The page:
receiving a software requirement; and
constructing a workflow template that can satisfy the software requirement, wherein the workflow template comprises a plurality of processing stages, wherein each processing stage includes at least one component class and each component class includes at least one component, and wherein an output of each processing stage is described by a processing goal pattern that is described by a set of tags and facets,
wherein each facet is associated with a cardinality constraint that specifies how many tags in the facet are part of the goal,
wherein the processing goal pattern is represented as a semantic description of a first facet and a first numerical value indicating how many tags in the first facet are part of a first processing goal and a semantic description of a second facet and a second numerical value indicating how many tags in the second facet are part of a second processing goal, the method further comprising:
prior to constructing the workflow template, representing the software requirement as a plurality of goal instances in a requirements goal pattern;
after constructing the workflow template, for each goal instance, developing at least one workflow instance that can satisfy the goal instance, wherein the workflow instance follows or belongs to the workflow template,
wherein a workflow instance is a directed acyclic graph and comprises at least one of the components arranged in a processing graph to produce information that satisfies the goal instance.
2. The method of claim 1, wherein an input and an output of a component class are each described by a variable processing goal pattern that includes tags, facets and variables, and an input and an output of a component in the component class are each described by a set of tags and variables.
3. The method of claim 2,
wherein the requirements goal pattern is described by a set of tags and facets.
4. The method of claim 1, wherein a tag is a keyword associated with an available resource.
5. The method of claim 1, wherein a facet is a category that includes at least one tag.
6. The method of claim 1, wherein a variable is associated with a set of tags, and wherein a variable is bound to a tag if the tag is a sub-tag of all tags in the set of tags.
7. A computer-implemented method, comprising:
receiving a high-level software requirement;
representing the high-level software requirement as a plurality of processing goals described by a requirements goal pattern, wherein the requirements goal pattern is described by a set of tags and facets, wherein each facet is associated with a cardinality constraint that specifies how many tags in the facet are part of the goal, wherein the requirements goal pattern is represented as a semantic description of a first facet and a first numerical value indicating how many tags in the first facet are part of a first processing goal and a semantic description of a second facet and a second numerical value indicating how many tags in the second facet are part of a second processing goal;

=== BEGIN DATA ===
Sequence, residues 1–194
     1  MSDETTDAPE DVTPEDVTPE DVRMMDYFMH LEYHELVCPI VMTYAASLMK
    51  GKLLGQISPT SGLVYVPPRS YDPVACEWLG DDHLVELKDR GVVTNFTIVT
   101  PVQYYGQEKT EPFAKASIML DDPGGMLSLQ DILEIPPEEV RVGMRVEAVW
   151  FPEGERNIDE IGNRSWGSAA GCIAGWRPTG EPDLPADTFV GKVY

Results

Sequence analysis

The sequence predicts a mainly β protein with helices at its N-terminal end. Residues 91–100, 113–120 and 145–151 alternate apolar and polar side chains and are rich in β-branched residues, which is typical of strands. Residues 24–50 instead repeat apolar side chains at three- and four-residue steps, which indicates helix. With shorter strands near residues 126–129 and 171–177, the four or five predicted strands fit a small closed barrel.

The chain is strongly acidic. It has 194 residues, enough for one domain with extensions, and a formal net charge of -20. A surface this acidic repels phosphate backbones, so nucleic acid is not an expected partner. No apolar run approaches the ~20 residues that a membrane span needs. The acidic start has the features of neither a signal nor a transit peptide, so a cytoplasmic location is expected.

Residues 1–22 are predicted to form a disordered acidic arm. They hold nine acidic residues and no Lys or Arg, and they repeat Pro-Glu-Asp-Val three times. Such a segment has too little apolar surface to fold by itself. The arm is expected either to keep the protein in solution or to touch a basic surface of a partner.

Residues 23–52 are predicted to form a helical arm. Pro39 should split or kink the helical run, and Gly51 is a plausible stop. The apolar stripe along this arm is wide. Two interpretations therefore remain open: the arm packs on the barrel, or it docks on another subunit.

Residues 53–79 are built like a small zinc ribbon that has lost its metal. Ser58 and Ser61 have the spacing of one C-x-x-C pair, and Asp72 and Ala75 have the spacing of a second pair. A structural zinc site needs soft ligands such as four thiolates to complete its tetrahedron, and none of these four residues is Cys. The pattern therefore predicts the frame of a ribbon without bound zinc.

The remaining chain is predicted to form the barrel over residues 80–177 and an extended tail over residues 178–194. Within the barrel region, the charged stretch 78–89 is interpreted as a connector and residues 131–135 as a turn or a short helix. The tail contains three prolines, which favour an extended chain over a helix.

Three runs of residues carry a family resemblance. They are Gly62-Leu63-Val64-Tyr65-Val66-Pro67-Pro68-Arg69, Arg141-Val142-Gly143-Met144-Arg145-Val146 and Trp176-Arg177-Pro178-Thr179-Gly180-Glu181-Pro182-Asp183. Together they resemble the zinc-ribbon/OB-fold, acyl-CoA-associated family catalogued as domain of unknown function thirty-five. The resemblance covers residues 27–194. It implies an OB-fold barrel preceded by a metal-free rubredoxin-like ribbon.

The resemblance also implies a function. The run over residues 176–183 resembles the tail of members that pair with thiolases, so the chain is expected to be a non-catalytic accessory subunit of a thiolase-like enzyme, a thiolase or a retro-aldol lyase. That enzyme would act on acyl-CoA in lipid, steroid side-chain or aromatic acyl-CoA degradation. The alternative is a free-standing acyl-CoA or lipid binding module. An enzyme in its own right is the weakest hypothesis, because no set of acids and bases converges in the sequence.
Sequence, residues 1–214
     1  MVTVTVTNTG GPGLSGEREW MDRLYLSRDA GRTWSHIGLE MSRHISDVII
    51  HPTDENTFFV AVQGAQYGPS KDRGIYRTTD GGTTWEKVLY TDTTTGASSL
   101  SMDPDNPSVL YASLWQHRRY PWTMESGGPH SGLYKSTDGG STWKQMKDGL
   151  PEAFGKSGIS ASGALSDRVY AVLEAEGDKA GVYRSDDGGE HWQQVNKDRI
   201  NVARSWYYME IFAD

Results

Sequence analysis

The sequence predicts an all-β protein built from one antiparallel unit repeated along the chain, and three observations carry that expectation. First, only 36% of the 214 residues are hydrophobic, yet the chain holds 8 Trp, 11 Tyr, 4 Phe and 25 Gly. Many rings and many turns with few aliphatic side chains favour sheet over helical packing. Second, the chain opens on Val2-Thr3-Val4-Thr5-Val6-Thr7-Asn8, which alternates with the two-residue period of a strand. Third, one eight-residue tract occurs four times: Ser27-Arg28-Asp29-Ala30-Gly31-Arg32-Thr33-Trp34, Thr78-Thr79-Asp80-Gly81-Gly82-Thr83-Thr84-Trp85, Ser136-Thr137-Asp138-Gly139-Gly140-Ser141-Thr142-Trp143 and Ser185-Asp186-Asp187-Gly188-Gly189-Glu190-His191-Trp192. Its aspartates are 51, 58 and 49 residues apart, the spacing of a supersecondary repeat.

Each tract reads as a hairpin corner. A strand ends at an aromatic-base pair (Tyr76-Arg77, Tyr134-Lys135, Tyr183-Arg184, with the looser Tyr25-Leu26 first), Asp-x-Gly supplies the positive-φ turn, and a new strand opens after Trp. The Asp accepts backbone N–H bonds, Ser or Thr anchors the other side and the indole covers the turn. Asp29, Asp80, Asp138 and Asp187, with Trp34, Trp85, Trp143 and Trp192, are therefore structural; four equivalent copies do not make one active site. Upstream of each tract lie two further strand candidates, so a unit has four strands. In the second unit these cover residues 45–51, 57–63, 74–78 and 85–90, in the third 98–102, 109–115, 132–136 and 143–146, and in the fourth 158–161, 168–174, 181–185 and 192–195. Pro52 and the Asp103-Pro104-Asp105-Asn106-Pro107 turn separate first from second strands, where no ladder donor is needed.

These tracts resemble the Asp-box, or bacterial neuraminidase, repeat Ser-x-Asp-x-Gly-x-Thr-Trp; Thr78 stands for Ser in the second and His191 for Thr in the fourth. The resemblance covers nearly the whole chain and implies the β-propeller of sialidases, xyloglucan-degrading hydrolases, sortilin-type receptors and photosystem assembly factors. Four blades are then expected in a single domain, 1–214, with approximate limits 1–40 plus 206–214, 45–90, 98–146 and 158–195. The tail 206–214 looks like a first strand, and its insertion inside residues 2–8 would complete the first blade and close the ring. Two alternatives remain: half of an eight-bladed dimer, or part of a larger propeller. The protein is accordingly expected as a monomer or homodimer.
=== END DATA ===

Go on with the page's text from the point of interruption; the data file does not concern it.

constructing a workflow template that can produce information to satisfy the high-level software requirement, wherein the workflow template comprises a plurality of processing stages, wherein each processing stage includes at least one component class and each component class includes at least one component, and wherein an output of each processing stage is described by a processing goal pattern that is described by a set of tags and facets; and
for each of the plurality of processing goals, developing at least one workflow instance that can satisfy the processing goal, wherein the workflow instance follows or belongs to the workflow template, and
wherein a workflow instance is a directed acyclic graph and comprises at least one of the components arranged in a processing graph to produce information that satisfies the goal instance.
8. The method of claim 7, further comprising:
receiving at least one of the plurality of processing goals from a user, wherein the user processing goal includes at least one tag;
producing information that satisfies the user processing goal by executing one of the workflow instances that belongs to the workflow template or by generating and executing a new workflow instance that does not belong to the workflow template; and
providing the information to the user.
9. A computer readable storage memory storing instructions that, when executed by a computer, cause the computer to perform a method, the method comprising:
receiving a software requirement; and
constructing a workflow template that can satisfy the software requirement, wherein the workflow template comprises a plurality of processing stages, wherein each processing stage includes at least one component class and each component class includes at least one component, and wherein an output of each processing stage is described by a processing goal pattern that is described by a set of tags and facets,